Martyrs are the seed from which the Church has flourished throughout the History of salvation and today their memory continue to guide the faithful wherever the Christian mission is challenged by hardships, injustices and suffering. In this regard, the case of Asia is paradigmatic. Martyrdom is mysticism, it is ecstasy. Usually we concentrate on the painful side of martyrdom, but its most significant dimension is the martyr’s intimate experience of Christ at the moment of his self-giving. It is an ecstatic surrender to the Lord whom he loves. It is the peak moment of his life-choice. It is saying “Yes” to the Master that sums up his life. It is not a dreaded moment, but a coveted one. So we see people in the early Church handing themselves over to the executioners on their own choice, fearlessly welcoming the ecstatic experience, which necessarily involves a supreme sacrifice. So we see the early Christian community celebrating the “birth” of the victim who enters into a new life in the company of Christ.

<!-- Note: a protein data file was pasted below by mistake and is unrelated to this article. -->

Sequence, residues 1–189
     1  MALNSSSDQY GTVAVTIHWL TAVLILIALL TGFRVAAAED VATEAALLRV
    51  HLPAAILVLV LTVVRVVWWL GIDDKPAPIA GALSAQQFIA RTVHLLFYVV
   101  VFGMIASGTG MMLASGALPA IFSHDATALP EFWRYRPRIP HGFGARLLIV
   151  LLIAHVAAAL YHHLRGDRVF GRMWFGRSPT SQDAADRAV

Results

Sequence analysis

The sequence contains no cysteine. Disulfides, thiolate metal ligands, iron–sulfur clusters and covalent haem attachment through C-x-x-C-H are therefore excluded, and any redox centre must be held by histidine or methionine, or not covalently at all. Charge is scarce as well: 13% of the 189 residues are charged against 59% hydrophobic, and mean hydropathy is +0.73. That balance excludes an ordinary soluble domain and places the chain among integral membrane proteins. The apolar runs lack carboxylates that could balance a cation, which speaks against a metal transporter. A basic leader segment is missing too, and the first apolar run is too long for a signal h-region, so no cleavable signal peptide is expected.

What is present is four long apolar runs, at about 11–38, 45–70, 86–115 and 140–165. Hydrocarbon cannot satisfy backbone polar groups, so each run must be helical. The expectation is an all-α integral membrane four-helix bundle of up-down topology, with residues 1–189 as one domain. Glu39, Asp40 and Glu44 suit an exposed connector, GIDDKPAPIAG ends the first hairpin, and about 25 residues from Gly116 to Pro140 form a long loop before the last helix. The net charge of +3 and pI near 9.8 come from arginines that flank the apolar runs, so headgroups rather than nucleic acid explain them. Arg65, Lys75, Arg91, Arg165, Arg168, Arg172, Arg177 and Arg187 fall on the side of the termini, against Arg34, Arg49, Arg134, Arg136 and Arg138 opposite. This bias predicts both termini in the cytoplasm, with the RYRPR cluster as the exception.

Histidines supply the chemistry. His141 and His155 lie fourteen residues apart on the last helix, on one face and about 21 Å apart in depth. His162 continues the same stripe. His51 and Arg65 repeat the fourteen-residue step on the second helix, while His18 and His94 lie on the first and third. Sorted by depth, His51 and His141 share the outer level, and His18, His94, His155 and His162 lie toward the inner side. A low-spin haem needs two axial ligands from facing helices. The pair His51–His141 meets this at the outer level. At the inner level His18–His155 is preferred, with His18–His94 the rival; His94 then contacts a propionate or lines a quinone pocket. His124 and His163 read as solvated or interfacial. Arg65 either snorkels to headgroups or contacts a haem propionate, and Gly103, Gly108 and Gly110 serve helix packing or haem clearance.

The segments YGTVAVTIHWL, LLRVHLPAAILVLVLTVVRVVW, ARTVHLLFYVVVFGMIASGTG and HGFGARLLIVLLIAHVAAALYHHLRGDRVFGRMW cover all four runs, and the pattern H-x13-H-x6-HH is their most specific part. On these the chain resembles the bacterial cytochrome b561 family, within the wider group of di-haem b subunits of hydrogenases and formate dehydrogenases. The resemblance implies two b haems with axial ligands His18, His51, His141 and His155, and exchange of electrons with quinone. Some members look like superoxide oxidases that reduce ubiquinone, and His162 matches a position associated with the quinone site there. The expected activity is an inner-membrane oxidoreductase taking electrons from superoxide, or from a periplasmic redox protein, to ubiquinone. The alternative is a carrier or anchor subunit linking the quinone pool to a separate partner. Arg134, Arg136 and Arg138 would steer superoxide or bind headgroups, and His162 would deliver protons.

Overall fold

It was this understanding of martyrdom that strengthened fidelity in the believing community. And the Christian community grew. As Tertullian cried: «The blood of the martyrs is the seed of the Christians». So it happened that, in conjunction with the increasing number of martyrs under the Roman regime, the Christian faith spread from end to end of the Empire and beyond. Christians also suffered from severe persecution in Persia, Ethiopia, and elsewhere. But the Christian flock expanded in all directions. On the Eastern Continent, new Christian communities arose in Central Asia, China, South India, and Sri Lanka (...)